that "Fed Libs political anthem: High visibility, low cost (to them).
Always. Latest example? Pot legalization."
The minister then went on to muse over whether the provinces should get
a share of any federal tax revenue generated by legal marijuana sales,
writing "Pot: all consequences and responsibilities being imposed on PTs
shoulders shouldn't fed taxes also be transferred to PTs!"
[continues 123 words]
As an employer and father, Benjamin Anson is alarmed
As an employer and father to three young children, I am alarmed by the
federal government's plan to legalize marijuana.
There is already a deadly opioid crisis underway, but the government
remains fixated on making marijuana freely available. The legalization
of marijuana is a far more drastic, normalizing step than
decriminalization would ever be.
Legalization will encourage marijuana use, thereby putting all
Canadians at risk.
Marijuana is already being openly marketed in anticipation of
legalization. If this statement sounds far-fetched, then look out for
the billboards that already loom over Montreal streets advertising a
website that indicates where marijuana can be bought.
[continues 555 words]
Longtime advocate says legalization process puts 'fox in charge of hen
Jodie Emery fought the law and the law won.
At least, that's the short version of how things went down when Emery
and her husband Marc tried to open five illegal marijuana dispensaries
in Montreal last December.
Hours after the dispensaries' carnival-like grand opening, the Emerys
were in handcuffs and police shut down all of their storefronts.
Though Emery had escaped the initial crackdown, undercover officers
caught up to her at a downtown hotel.
[continues 844 words]
Will you be able to pick up a bag of pot at a Societe du cannabis du
Quebec, run by the same people who sell you wine and scotch?
Employees of the province's liquor stores - the Societe des alcools du
Quebec (SAQ) - hope so.
But Montreal's public-health system is dead set against that idea,
suggesting the SAQ should not be a model because it promotes the use
of alcohol to fill government coffers.
On Thursday, Ottawa announced its long-awaited legalization plan,
saying it wants to provide regulated access to recreational cannabis
no later than July 2018.
[continues 509 words]
Province wants cash to implement new policing, prevention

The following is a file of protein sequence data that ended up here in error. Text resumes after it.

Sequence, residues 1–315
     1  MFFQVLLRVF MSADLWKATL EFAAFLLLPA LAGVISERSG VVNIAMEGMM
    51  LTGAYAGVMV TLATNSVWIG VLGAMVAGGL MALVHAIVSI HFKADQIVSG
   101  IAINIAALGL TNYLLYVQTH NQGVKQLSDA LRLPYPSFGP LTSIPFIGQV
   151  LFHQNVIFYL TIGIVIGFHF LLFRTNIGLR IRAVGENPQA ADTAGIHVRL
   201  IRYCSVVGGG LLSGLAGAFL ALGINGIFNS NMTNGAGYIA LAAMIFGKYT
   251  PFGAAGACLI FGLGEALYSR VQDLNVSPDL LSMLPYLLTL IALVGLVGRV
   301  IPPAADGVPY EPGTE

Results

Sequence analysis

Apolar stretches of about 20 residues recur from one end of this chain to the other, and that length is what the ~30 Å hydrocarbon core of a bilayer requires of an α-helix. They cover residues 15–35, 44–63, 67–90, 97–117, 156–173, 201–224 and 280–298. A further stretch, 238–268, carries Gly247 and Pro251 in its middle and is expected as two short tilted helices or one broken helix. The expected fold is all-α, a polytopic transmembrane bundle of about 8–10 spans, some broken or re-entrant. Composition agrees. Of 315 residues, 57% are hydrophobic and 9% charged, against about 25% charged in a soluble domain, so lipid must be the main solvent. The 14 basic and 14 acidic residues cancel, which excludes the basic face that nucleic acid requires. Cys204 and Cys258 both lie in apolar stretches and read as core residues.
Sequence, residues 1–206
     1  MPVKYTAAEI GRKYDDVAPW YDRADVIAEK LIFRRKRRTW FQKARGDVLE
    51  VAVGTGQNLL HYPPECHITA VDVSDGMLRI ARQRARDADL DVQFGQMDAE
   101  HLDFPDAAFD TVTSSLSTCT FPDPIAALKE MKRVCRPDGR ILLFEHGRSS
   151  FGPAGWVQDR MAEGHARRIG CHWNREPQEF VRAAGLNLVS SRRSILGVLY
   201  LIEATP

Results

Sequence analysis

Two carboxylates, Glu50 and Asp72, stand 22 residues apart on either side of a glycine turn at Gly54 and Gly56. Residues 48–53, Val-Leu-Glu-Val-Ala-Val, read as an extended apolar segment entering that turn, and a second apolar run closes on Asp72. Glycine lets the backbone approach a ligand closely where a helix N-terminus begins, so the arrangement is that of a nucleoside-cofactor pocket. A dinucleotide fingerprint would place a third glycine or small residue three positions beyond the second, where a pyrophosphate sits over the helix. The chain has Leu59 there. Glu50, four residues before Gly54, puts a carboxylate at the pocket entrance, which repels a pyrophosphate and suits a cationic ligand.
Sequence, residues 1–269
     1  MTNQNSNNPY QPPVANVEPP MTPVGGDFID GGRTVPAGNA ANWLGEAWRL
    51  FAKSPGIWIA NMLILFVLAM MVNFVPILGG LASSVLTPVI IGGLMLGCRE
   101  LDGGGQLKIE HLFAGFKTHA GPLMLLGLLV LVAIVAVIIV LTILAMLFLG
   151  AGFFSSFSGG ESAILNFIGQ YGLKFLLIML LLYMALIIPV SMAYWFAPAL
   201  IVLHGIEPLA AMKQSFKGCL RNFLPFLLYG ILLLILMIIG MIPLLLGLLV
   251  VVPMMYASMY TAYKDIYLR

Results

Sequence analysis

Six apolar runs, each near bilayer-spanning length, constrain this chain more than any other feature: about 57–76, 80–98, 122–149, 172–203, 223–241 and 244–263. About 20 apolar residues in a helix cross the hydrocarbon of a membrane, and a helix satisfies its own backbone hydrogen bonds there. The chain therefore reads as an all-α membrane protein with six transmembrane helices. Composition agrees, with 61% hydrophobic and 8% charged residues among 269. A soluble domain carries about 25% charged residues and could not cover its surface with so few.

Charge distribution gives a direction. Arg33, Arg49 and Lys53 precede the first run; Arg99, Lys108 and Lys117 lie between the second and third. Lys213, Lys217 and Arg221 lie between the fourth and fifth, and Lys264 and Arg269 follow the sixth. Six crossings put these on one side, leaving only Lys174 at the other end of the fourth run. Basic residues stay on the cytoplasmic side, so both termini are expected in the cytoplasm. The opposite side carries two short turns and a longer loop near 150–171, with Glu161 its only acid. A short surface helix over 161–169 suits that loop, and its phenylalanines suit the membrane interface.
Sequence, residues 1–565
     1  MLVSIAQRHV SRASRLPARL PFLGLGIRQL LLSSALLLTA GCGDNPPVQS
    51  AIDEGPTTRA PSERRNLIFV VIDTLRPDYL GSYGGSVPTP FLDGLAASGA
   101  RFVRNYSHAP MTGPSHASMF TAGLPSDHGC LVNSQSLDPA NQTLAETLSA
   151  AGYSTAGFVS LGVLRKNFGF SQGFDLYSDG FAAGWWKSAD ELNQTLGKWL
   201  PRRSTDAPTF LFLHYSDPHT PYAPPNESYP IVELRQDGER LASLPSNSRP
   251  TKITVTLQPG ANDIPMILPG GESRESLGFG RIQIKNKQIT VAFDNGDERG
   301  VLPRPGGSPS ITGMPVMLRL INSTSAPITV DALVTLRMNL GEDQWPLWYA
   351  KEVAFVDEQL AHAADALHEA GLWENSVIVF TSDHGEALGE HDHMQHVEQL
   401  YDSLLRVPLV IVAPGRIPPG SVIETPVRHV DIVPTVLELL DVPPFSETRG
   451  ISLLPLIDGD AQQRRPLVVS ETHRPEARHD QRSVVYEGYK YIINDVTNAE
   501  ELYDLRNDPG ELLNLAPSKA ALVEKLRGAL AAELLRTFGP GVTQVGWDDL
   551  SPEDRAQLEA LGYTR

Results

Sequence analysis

Show us the money. The Quebec government said Thursday it is
disappointed in the federal government's long awaited plan to legalize
Not only is Ottawa's plan vague and full of holes, it off-loads a
whole new series of responsibilities and problems - from the need for
more policing to the creation of prevention programs - onto the
provinces, said Public Health Minister Lucie Charlebois.
Worse, it fails to pledge the money to cover the enormous cost of
applying the plan.
[continues 528 words]
Re: "Trudeau's pot legalization a headache for Quebec" (Montreal
Gazette, April 13)
Certain politicians seem not to be in touch with their constituents,
or even reality, on the subject of marijuana legalization.
Some are saying legalizing pot would not reduce the effect of
organized crime on this industry.
Are they for real?
If the federal government goes ahead with what's proposed and prices
this product properly, the black market for pot will simply dry up.
It seems it's popular these days for politicians to say outlandish
things so they can appear on TV instead of proposing reasonable ideas
that are less sensationalistic.
Let's listen to our candidates - and vote them out of office when need
Alex Wilson, Montreal
Logistics are complicated, but province fears the social costs
The province will table its own legislation in response to Ottawa's
plans to legalize recreational marijuana and is forming a common front
with Ontario to draft an action plan to deal with the expected
sweeping negative social consequences.
Emerging from a meeting of cabinet where the federal government's plan
was analyzed at length, Public Health and Youth Protection Minister